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Reconstructive surgery is corrective surgery to repair the body due to birth defects, disease or trauma. It is usually performed for the purpose of returning function to the body, but can also be used to improve the appearance of a person, particularly in the case of trauma or birth defects.
Some examples of circumstances that would call for this type of surgery include the following:
Reconstructive surgery differs from cosmetic surgery in that cosmetic surgery does not correct abnormalities. Even when elected for aesthetic reasons, a reconstructive operation is usually done to correct an abnormality.
One of the most pervasive uses of this type of surgery is in professional sports. Contact sports like football and soccer often result in many injuries that can only be effectively repaired through surgery. It can be required to repair injuries to the knees and shoulders, or for broken facial bones.
Repetitive motion in non-contact sports also takes its toll over time, however, as cartilage — a natural cushion between close-fitting bones in the knee, elbow and other joints — can wear thin from over use. A painful, chronic condition develops as bones begin to rub against one another. People who have developed chronic pain of this type will complain of a dull ache even when at rest. Often the only relief is pain medication or surgery. Even non-athletes can develop injuries of this nature.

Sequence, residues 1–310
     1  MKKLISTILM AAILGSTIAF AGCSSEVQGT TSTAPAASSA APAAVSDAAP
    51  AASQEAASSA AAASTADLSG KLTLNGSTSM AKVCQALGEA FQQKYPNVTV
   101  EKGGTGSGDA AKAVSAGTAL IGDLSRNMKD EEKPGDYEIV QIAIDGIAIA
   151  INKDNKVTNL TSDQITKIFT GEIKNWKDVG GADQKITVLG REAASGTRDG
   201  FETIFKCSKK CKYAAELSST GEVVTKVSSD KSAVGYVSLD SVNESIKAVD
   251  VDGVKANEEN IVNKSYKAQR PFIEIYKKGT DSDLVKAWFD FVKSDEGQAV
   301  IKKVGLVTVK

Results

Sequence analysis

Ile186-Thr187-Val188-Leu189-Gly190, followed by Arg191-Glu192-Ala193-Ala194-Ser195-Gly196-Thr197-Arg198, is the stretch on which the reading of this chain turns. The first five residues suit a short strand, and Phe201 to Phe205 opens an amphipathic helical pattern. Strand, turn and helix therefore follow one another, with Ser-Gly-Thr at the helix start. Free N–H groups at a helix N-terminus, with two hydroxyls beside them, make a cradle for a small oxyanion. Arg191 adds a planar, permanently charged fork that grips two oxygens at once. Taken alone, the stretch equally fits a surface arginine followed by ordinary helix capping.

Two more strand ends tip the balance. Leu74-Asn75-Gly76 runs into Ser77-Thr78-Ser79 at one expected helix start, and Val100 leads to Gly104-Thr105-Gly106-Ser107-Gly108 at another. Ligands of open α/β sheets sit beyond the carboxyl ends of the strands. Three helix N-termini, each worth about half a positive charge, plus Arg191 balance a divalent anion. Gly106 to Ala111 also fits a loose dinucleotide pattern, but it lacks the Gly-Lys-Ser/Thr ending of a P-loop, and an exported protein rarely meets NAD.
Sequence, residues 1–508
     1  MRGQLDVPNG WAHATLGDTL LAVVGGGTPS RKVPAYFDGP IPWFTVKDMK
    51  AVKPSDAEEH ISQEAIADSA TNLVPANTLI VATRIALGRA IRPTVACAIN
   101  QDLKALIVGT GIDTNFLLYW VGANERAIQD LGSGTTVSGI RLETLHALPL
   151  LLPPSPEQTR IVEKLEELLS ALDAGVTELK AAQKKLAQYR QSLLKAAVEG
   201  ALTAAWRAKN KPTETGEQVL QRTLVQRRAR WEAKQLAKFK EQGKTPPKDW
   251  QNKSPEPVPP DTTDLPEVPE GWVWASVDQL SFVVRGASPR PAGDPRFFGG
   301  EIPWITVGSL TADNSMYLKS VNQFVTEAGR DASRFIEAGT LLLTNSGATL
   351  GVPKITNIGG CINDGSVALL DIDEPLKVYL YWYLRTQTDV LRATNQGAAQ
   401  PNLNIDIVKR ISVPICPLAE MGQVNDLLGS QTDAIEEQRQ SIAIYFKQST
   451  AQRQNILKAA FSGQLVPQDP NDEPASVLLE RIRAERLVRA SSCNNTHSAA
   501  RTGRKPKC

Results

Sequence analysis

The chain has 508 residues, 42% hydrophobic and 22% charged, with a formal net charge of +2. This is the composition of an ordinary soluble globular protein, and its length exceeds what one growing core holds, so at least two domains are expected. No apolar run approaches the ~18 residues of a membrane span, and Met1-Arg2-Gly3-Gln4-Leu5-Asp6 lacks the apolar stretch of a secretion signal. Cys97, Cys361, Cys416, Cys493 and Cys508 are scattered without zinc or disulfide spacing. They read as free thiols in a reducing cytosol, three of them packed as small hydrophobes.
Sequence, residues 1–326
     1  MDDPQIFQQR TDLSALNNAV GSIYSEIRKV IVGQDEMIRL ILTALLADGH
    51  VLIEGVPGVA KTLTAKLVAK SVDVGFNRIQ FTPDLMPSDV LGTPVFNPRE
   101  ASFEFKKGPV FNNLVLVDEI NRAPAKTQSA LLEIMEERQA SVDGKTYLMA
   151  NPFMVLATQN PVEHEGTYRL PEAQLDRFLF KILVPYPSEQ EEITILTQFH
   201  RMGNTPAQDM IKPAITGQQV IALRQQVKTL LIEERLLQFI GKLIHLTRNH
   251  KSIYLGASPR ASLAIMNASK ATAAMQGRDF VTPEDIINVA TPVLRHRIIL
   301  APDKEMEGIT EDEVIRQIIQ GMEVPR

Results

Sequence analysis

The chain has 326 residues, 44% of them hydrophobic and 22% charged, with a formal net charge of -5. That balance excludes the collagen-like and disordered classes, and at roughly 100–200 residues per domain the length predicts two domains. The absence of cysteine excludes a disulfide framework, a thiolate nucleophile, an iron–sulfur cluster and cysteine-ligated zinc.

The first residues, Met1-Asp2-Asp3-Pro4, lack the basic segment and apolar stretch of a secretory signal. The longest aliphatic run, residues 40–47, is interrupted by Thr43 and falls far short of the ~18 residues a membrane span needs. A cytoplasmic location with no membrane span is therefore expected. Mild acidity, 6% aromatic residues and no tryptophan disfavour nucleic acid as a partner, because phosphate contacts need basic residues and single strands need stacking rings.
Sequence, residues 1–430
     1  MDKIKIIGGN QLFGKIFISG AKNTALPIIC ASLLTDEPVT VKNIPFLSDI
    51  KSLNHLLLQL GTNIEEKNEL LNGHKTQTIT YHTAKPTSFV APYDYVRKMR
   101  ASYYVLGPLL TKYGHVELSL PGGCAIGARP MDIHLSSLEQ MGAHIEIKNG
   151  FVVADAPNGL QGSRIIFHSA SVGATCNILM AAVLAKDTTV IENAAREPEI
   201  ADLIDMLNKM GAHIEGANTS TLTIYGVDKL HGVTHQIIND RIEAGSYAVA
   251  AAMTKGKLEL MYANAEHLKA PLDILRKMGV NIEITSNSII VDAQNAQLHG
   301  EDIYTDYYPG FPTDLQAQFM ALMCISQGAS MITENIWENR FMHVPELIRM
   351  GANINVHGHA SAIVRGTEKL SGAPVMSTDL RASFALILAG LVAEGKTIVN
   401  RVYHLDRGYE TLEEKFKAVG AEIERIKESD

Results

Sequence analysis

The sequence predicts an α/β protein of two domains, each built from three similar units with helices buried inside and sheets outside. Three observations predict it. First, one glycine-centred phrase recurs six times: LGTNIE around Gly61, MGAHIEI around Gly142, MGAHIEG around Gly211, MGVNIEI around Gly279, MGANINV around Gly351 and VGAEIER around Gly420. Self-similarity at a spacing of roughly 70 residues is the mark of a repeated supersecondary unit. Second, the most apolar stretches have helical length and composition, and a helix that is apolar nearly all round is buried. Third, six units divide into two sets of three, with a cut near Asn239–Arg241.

An extreme use of reconstructive surgery is sexual reassignment. This is the last radical step in a long mandatory process for the patient, which involves months of pre-surgery preparation, working with a series of specialized medical professionals. Sexual reassignment surgery is a specialty that relatively few doctors perform.
@GemimaMama - Yuck! Yeah, it's totally common. My belly looks a little caved in down the middle, too. It's called abdominal separation or diastasis recti. But there are exercises you can do to try to correct it.
It can also be repaired surgically, but I would make that my last resort. You don't say how long ago your son was born, but it takes a long time for the body to get back to anything close to its old shape. You're looking for strength exercises like planks, etc.--crunches will not be as helpful for this problem.
After my son was born my stomach muscles were completely split in half. But from my belly button down there is a ½ inch wide indentation that is unsightly. I cannot do one sit up and even having a bowel movement is tough because I cannot push with my stomach. I recently lost a lot of weight and feel great about my body minus my destroyed muscles. Is this common for women to go through or should I speak to my doctor?
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